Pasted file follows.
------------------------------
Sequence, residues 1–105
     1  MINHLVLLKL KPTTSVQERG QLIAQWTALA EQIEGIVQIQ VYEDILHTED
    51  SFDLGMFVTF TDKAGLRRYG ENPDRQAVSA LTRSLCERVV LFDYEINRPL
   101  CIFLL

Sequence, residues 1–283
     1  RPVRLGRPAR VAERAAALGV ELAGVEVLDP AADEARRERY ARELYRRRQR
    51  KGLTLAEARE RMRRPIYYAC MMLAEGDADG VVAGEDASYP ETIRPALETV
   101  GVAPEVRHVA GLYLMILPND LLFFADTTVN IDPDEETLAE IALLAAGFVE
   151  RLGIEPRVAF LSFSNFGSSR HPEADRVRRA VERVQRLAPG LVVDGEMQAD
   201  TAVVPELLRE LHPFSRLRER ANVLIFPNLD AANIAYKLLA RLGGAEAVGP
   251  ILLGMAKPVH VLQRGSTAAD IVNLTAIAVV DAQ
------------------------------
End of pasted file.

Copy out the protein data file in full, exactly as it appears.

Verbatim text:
Sequence, residues 1–105
     1  MINHLVLLKL KPTTSVQERG QLIAQWTALA EQIEGIVQIQ VYEDILHTED
    51  SFDLGMFVTF TDKAGLRRYG ENPDRQAVSA LTRSLCERVV LFDYEINRPL
   101  CIFLL

Sequence, residues 1–283
     1  RPVRLGRPAR VAERAAALGV ELAGVEVLDP AADEARRERY ARELYRRRQR
    51  KGLTLAEARE RMRRPIYYAC MMLAEGDADG VVAGEDASYP ETIRPALETV
   101  GVAPEVRHVA GLYLMILPND LLFFADTTVN IDPDEETLAE IALLAAGFVE
   151  RLGIEPRVAF LSFSNFGSSR HPEADRVRRA VERVQRLAPG LVVDGEMQAD
   201  TAVVPELLRE LHPFSRLRER ANVLIFPNLD AANIAYKLLA RLGGAEAVGP
   251  ILLGMAKPVH VLQRGSTAAD IVNLTAIAVV DAQ